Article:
News | Sunday, 26 April 2009
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Church, State join forces against teachers’ strike

The education ministry yesterday condemned the teachers’ union’s order to strike next Thursday, joining the Church school authorities in branding the action irresponsible.
The ministry claims the MUT’s demands would cost €15 million every year. “We cannot understand this industrial action since the union knows many of the 2007 agreement’s measures have been implemented,” the ministry said.
The ministry played down statements by the MUT president John Bencini, who said the college network system had pushed education backwards. It defended the work practices it introduced and added that 600 new workplaces had been created in the educational sector, 420 of which were for teachers and a 170 new places scheduled for the near future.
“The ministry fully condemns the MUT for its exaggerated demands which makes one doubt whether it has really down its calculations and considered the effects of these demands on the country’s economy.”
A statement issued by the secretariat for Catholic education from the Archbishop’s Curia said that the industrial dispute was unjustified, and called for the suspension of the union’s directive for state and church school teachers.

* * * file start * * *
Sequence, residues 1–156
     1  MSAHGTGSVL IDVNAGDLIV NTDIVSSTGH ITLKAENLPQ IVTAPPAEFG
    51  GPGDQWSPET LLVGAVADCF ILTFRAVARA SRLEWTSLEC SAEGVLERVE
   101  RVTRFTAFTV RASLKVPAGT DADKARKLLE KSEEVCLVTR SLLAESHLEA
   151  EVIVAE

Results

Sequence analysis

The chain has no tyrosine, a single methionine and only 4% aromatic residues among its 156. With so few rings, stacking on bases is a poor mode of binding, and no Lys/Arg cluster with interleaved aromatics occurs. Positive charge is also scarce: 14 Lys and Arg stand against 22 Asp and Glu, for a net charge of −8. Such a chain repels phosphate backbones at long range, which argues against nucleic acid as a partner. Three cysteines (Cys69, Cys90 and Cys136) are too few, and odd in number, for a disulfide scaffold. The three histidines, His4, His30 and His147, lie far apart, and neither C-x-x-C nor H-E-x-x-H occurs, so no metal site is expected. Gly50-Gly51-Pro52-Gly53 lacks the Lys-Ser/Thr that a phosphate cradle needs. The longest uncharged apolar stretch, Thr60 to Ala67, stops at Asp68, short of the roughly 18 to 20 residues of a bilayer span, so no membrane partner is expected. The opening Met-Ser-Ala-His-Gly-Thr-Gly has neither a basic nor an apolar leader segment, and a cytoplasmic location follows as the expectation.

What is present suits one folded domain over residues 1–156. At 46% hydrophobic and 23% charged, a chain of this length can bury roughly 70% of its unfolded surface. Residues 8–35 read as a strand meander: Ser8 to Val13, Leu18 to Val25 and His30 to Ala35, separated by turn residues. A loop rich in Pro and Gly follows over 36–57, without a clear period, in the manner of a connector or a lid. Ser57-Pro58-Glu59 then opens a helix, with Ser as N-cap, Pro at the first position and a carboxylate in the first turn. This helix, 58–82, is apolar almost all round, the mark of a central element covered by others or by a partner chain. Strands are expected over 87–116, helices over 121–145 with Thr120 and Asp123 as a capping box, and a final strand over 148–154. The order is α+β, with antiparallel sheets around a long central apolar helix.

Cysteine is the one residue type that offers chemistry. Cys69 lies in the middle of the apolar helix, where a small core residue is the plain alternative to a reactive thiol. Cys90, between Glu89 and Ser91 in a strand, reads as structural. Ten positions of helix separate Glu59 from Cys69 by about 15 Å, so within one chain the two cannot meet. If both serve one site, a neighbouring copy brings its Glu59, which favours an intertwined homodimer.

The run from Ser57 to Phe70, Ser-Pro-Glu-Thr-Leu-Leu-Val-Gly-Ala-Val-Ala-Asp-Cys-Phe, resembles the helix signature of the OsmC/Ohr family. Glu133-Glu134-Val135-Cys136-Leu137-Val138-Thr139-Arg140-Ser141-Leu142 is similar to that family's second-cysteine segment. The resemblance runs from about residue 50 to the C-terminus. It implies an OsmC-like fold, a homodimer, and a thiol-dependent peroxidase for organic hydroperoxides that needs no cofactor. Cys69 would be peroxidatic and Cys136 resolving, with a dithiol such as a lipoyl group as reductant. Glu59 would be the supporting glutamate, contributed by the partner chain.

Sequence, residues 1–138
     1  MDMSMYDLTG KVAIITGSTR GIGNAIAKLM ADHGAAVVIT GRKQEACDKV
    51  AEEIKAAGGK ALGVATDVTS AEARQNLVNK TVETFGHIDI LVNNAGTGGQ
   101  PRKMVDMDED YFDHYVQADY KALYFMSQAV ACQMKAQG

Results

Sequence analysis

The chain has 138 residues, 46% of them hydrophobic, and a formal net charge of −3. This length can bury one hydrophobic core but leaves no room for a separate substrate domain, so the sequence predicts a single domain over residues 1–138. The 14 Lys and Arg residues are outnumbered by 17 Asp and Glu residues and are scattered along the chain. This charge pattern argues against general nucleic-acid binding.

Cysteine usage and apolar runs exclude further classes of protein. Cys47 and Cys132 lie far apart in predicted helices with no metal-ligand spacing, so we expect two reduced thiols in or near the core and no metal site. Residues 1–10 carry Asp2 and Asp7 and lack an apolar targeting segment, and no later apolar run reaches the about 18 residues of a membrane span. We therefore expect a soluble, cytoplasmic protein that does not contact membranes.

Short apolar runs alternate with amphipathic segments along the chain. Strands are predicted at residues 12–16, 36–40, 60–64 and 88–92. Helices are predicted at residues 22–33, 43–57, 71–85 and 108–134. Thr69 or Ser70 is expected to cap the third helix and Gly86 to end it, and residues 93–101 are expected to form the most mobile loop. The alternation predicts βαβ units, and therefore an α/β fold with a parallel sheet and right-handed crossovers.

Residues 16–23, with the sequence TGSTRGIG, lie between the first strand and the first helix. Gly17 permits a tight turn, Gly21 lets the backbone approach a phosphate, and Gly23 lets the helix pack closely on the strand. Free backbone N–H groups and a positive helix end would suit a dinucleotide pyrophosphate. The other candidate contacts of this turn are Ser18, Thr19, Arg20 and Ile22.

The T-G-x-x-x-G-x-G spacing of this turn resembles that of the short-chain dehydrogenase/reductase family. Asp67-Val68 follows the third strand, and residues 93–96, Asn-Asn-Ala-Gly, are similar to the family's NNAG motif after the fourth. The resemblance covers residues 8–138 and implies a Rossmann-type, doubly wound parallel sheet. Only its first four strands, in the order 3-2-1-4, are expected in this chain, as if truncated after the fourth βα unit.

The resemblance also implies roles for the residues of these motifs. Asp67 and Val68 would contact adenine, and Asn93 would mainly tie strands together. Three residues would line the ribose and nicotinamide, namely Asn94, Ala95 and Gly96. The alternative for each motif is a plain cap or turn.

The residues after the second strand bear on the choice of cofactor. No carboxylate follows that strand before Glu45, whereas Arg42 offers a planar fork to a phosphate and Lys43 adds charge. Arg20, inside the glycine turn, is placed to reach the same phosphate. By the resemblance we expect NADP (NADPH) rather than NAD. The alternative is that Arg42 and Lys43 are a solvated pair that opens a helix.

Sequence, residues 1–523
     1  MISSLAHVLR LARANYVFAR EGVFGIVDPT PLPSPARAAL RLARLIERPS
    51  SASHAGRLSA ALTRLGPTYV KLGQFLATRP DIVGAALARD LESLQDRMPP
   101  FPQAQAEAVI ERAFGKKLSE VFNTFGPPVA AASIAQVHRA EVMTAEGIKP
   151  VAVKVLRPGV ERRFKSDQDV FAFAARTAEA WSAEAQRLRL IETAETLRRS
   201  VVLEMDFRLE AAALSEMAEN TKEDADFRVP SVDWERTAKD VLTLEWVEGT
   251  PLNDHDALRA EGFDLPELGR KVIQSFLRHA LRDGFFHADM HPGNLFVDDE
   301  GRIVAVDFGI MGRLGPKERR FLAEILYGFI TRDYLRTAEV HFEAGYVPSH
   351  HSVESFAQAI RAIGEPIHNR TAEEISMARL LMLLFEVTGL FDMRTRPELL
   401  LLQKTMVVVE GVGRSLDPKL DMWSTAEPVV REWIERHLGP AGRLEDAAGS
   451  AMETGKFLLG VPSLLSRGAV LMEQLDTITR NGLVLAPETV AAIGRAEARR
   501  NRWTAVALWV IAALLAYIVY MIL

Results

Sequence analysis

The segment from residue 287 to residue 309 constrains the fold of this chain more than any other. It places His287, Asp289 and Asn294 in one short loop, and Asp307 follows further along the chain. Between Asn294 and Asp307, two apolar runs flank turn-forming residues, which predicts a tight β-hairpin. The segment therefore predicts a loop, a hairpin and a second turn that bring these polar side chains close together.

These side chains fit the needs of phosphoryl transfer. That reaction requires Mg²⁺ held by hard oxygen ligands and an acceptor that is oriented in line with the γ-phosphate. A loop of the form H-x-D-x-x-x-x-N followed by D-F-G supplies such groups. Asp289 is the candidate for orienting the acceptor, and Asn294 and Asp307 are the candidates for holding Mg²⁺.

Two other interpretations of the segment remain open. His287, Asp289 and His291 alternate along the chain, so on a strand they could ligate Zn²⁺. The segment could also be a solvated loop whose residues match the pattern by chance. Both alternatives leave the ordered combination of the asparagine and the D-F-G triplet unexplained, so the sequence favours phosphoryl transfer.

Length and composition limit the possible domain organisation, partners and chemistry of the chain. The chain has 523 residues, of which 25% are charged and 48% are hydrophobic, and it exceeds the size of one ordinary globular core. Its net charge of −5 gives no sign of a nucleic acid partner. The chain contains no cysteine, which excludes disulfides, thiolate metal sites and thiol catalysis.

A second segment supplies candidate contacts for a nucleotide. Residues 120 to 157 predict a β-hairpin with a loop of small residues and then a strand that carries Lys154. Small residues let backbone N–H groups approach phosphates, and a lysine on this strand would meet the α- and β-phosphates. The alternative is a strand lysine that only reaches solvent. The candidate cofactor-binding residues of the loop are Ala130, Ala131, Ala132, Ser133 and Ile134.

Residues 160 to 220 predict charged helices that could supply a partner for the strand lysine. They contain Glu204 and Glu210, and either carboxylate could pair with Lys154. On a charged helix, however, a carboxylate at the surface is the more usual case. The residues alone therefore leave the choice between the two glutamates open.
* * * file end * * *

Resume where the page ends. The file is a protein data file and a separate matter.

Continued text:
The union accused church authorities of dragging their feet over a collective agreement for teachers, while government has not yet started talks on an addendum teachers wanted included in the 2007 collective agreement for state school teachers.
On its part, the church secretariat said it had invited the MUT to discuss the collective agreement shortly after the union had signed the state school agreement with governemnt in July 2007.
“However, the MUT took its time for these discussions to commence,” the statement claimed. In spite of delays, several meetings were held with the union and “the agreement was about to be signed. The last draft the union sent to the secretariat was on 2 April in the afternoon.”
But on 6 April, the MUT council declared an industrial dispute with church schools. “Worthy of note is that the agreement had not been yet concluded and that there had still been some pending issues to discuss. Clearly, it was not possible for Church authorities to study the draft agreement in a matter of three days.”
The secretariat said that although the collective agreement has not yet been signed, church school teachers have been given a raise in their allowance last January.
In view of such reasons, the church called on the MUT to suspend Thursday’s strike as its complaints were not justified.

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